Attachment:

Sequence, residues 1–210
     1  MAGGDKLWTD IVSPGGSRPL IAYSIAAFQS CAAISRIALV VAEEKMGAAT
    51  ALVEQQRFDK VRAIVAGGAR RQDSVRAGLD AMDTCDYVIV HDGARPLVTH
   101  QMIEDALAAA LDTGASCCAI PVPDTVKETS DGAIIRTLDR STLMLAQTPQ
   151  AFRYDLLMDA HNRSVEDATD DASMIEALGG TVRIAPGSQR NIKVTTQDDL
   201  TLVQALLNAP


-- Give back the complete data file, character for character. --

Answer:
Sequence, residues 1–210
     1  MAGGDKLWTD IVSPGGSRPL IAYSIAAFQS CAAISRIALV VAEEKMGAAT
    51  ALVEQQRFDK VRAIVAGGAR RQDSVRAGLD AMDTCDYVIV HDGARPLVTH
   101  QMIEDALAAA LDTGASCCAI PVPDTVKETS DGAIIRTLDR STLMLAQTPQ
   151  AFRYDLLMDA HNRSVEDATD DASMIEALGG TVRIAPGSQR NIKVTTQDDL
   201  TLVQALLNAP